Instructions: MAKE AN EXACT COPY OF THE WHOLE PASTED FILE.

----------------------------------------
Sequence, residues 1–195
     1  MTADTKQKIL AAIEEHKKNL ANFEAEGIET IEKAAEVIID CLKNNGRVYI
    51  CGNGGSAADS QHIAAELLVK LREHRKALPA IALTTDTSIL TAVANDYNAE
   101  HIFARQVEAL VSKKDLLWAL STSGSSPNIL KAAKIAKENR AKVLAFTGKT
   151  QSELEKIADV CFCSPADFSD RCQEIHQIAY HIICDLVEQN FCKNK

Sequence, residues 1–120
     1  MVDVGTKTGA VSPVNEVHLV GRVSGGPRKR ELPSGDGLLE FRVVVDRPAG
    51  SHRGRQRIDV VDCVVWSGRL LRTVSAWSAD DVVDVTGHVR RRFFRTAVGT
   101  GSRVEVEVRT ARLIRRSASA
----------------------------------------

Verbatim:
Sequence, residues 1–195
     1  MTADTKQKIL AAIEEHKKNL ANFEAEGIET IEKAAEVIID CLKNNGRVYI
    51  CGNGGSAADS QHIAAELLVK LREHRKALPA IALTTDTSIL TAVANDYNAE
   101  HIFARQVEAL VSKKDLLWAL STSGSSPNIL KAAKIAKENR AKVLAFTGKT
   151  QSELEKIADV CFCSPADFSD RCQEIHQIAY HIICDLVEQN FCKNK

Sequence, residues 1–120
     1  MVDVGTKTGA VSPVNEVHLV GRVSGGPRKR ELPSGDGLLE FRVVVDRPAG
    51  SHRGRQRIDV VDCVVWSGRL LRTVSAWSAD DVVDVTGHVR RRFFRTAVGT
   101  GSRVEVEVRT ARLIRRSASA